Journal Entry for Money Received from the Debtor


In your business, a debtor is a person or another business that owes money to your firm. For example, let’s say you have a small grocery shop. When someone comes into your shop and buys something but chooses to pay later, they become your debtor. They owe you money for the items they purchased.

The amount of time for debtors to pay the money varies from business to business; however, as a general rule, they have between 30 and 90 days to do so. Whenever debtors pay back their bills, it is recorded with the help of a journal entry for money received from the debtor.

Such payment might be made by the party in various ways, like cash, cheque, electronic transfer, bank drafts, etc.


Received Money from Debtor Journal Entry

Upon a general assumption that the money received from the debtors is via electronic transfer, the following journal entry will be passed,

Bank A/C Debit
 To Debtor’s A/C Credit

Modern Rules

  • Dr. the increase in ‘Assets’ as money comes into the business.
  • Cr. the decrease in ‘Debtors’ as receivables are reduced.

Golden Rules

  • ‘Bank’ is a Personal A/c; therefore, Dr. the receiver.
  • ‘Debtor’ is a Personal A/c; therefore, Cr. the giver.

Note: The “Cash A/c” will be debited instead of the “Bank A/c” if the money is received in cash. It is also possible to credit the “Accounts Receivable A/c” instead of the “Debtor’s A/c”.

Related Topic – Debtor Vs Creditors



XYZ Ltd. received 80,000 from John through electronic transfer as payment for goods sold to him a month ago. Pass necessary journal entry for money received from the Debtor (XYZ Ltd.)

Journal entry for receiving money from John

Bank A/C 80,000
 To John’s A/c 80,000

Bank A/c is debited due to an increase in assets, and John’s (debtor) A/c is credited due to a decrease in receivables.


Effect on Accounting Equation

Assume a firm’s opening balance is [Assets at 50,000, Capital at 50,000, and Liabilities at zero]. As a result of recording journal entry for money received from the debtor, the accounting equation will be impacted as follows:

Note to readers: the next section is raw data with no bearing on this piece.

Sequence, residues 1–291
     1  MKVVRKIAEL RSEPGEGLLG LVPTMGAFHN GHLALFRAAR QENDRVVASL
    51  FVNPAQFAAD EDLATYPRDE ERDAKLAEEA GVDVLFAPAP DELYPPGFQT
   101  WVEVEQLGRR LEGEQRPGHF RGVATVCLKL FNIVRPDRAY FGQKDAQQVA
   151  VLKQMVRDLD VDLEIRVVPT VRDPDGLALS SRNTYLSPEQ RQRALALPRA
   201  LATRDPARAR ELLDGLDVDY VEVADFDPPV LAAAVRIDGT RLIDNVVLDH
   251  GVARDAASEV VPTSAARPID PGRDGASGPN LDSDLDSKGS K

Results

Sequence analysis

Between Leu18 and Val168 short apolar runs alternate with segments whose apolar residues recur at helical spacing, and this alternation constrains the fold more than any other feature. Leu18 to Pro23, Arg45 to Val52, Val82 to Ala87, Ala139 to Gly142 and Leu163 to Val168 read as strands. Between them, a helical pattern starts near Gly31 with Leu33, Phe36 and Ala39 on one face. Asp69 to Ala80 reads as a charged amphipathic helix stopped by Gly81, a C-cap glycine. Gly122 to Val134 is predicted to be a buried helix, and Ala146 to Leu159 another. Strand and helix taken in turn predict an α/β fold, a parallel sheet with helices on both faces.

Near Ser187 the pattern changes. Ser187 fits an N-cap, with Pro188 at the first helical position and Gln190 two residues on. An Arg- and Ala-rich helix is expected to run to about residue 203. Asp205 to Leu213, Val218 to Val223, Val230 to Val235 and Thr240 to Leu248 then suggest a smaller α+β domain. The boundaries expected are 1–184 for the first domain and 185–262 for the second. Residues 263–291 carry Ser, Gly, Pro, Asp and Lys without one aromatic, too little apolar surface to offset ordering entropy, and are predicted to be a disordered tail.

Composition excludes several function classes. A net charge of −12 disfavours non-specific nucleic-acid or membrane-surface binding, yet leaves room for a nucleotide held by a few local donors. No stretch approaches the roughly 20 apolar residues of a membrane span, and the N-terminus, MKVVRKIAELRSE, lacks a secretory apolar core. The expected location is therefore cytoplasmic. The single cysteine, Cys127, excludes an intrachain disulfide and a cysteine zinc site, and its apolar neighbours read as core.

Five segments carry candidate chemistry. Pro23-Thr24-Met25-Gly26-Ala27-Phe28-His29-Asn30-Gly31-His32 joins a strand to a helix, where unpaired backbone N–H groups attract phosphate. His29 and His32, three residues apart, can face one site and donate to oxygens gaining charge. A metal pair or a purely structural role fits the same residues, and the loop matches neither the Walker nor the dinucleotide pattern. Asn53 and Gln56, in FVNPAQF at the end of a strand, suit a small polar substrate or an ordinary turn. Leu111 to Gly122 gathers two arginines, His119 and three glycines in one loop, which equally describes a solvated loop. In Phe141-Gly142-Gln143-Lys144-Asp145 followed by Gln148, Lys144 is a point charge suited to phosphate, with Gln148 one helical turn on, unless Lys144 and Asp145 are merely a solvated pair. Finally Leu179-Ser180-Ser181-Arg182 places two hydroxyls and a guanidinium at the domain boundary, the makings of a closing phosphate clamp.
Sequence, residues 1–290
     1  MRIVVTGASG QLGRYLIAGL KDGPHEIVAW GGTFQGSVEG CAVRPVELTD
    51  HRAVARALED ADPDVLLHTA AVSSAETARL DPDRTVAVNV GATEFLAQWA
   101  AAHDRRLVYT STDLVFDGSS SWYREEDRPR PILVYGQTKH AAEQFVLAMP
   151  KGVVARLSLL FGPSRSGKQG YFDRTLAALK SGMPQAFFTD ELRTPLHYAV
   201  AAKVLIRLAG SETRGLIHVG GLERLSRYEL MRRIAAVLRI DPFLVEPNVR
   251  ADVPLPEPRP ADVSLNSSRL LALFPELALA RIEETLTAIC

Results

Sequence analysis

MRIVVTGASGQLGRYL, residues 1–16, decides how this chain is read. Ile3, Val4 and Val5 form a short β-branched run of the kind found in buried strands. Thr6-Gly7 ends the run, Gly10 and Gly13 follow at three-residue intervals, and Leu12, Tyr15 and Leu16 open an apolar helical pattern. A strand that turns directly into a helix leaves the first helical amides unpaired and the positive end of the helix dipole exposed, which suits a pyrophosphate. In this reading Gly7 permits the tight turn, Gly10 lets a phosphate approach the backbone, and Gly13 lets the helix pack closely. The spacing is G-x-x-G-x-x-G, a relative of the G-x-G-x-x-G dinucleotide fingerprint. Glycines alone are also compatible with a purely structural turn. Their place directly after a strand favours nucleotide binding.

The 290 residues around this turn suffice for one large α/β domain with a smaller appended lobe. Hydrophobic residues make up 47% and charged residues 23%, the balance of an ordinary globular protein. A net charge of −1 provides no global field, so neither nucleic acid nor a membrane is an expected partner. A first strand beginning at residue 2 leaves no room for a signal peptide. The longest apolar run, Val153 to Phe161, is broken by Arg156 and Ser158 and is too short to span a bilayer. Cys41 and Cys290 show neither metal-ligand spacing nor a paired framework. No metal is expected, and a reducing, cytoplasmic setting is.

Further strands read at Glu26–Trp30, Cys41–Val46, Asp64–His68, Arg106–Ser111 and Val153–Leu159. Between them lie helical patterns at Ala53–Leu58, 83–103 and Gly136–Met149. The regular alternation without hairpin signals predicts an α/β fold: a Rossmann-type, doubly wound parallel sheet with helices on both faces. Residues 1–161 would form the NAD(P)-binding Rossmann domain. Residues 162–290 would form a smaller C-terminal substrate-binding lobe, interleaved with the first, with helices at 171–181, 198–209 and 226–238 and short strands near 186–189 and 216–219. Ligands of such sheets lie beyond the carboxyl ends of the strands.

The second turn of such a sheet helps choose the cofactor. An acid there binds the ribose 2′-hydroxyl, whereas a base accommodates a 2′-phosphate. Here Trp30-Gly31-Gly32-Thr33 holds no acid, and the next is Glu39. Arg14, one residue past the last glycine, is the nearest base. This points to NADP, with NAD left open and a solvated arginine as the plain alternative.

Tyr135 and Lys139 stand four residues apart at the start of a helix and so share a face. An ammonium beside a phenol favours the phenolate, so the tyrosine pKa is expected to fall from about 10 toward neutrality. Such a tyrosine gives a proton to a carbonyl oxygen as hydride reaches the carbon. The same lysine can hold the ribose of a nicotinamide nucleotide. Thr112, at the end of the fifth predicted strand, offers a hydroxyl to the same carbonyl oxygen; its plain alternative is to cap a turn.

Assets = Liabilities + Capital
Opening Balance 50,000 0 50,000
Bank A/c 80,000 0 50,000
John’s A/c (Debtor) (80,000) 0 50,000
Total 50,000 0 50,000

Related Topic – Debtor’s Turnover Ratio


Effect on Financial Statements

Upon receiving money from debtors,

  • There would be no effect on the income statement. It represents the collection of revenue that was already recorded when the sales were made. The affected accounts are both assets.
  • The balance sheet will show a decrease in debtors and an increase in bank balance. There would be no change in the total assets.
  • The cash received from debtors is also recorded as an inflow in the operating activities section of the cash flow statement. As a result, the company’s core operations generate more cash, increasing cash flow from operating activities.

Effect of journal entry for money received from the debtor on the Balance sheet :Balance sheet showing effect of money received from debtors

Related Topic – Difference between Debt and Liability


Discounts & Allowances

Both discounts & allowances are a reduction in the selling price of goods or services.

Discounts are offered to customers as a percentage or fixed amount of reduction from the regular selling price. It may motivate the customer to make an early payment or buy large quantities. It is an expense for the business and is therefore debited to the Income statement.

  • Cash Discounts are given to customers for paying their invoices early. It is a reduction in the invoice amount if the customer pays within a specified period, often within a certain number of days.
  • Trade Discounts are given to customers for buying large quantities. It is a reduction in the listed price of a product or service, typically represented as a percentage.

Allowances are usually granted to customers to adjust for issues or defects with the goods or services they have purchased. Also, when a business sells goods that are of lower quality or do not meet the expected standards, it may provide allowances to the buyers as a form of compensation or adjustment.

Suppose the customer gets a damaged product; the seller may offer an allowance to make up for it. Allowances can also be given for returns and complaints. The adjusted selling price is calculated by subtracting allowances from revenue.


>Read Quiz on Discount and Rebates

>Read Provision for Discount on Debtors


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